Hummingbird Battery Passes Tests

By Bill Moore

Posted: 06 Apr 2011

German EV World reader Rudolf Kraft alerted me to a couple of new reports in the German media about DBM-Energy, the 2009 start-up who claim to have driven a converted Audi A2 non-stop 374 miles (604 km) between Munich and Berlin on an experimental 99 kWh battery pack not much larger than the gasoline tank it replaced. Critics accused the company of fraud and then the car was destroyed in a warehouse fire. Herr Kraft provided me with a loose translation of the article that appeared in Zeit Online, as well as AutoBild. I took the liberty of cleaning it up a bit editorially and grammatically.

Test Clear Doubts About the World Record Car

In October last year, DBM-Energy set a new record for an electric car, driving from Munich to Berlin, Germany without recharging the installed KOLIBRI LMP (Lithium-Metal-Polymer) battery. Upon arrival in Berlin after having travelled 602 km (374 mi) there was 18 percent charge remaining in the battery.

Critics questioned the validity of the test drive, suggesting it was a hoax. In response, the German Ministry of Economy called for a thorough investigation, but before it could be held, the Audi A2 test vehicle burned in a suspiciously-timed warehouse fire in Berlian. As a result of the fire and continued criticism, DBM provided the government's Material Research and Testing lab (BAM) with test cells for validation. These were exposed to extreme climate and air pressure changes, electrical short circuits, overloading or incorrect polarity, and mechanical shock and impact. The cells passed BAM's tests.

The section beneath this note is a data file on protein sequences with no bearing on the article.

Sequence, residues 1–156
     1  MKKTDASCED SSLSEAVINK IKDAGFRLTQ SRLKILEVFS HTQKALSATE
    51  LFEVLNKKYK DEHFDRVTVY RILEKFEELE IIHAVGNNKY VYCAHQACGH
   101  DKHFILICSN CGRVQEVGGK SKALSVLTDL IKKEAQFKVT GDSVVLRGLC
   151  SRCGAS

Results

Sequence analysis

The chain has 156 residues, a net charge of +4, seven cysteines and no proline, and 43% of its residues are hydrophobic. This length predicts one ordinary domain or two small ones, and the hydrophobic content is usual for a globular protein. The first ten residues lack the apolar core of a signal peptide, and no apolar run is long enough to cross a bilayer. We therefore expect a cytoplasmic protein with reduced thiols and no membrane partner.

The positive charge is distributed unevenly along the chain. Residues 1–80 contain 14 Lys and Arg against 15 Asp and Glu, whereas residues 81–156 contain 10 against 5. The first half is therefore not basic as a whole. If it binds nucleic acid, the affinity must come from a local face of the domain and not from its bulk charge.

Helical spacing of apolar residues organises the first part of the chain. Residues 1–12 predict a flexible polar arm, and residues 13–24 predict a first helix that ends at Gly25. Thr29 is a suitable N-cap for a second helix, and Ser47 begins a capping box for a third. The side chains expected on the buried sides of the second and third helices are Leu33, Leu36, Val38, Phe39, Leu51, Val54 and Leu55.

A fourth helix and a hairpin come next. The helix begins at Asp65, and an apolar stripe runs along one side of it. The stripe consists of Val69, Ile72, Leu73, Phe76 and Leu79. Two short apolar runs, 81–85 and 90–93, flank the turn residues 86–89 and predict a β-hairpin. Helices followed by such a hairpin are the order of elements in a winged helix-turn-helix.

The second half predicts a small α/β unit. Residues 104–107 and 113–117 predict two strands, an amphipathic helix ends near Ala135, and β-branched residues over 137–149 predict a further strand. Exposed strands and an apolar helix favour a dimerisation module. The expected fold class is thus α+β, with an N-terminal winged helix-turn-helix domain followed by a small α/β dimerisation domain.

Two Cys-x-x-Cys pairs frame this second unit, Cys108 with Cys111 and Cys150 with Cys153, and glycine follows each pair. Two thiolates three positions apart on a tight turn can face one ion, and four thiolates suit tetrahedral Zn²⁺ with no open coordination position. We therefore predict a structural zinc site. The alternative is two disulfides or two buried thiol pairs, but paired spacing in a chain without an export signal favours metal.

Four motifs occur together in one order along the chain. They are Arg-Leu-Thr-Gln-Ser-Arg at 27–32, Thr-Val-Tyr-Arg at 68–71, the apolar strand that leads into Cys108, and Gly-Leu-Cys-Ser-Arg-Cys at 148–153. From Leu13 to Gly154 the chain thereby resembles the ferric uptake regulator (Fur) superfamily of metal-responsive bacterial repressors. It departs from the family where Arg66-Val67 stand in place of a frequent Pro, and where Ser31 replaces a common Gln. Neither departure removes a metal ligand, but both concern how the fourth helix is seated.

In March, DEKRA, which had previously certified DBM's converted Audi A2 prior to its record drive, was provided with a 63kWh Kolibri ("Hummingbird" in German) battery similar to the 99 kWh pack in the now destroyed Audi A2. In accordance with ECE-R 101 guidelines, the tested battery was calculated to be capable of achieving an equivalent range of approximately 455 km (282 mi) in the Audi A2. On the basis of this calculation, the original Audi range was estimated to be 714 km (446 mi.). In short, the test results fully support all of DBM's previous claims.

DBM is engaged in further testing to prove its battery suitability for daily use and is open for negotiations with potential partners "if they are on an equal and fair basis." Next week, DBM will present the battery in another prototype test vehicle at the Hannover Fair.

DBM was founded in 2009 and according to the company, its batteries are presently being implemented in forklifts.

The German Government is striving to get 1 million electric vehicles on the streets in Germany by 2020. One handicap working against this scheme – range – seems to have been eliminated.

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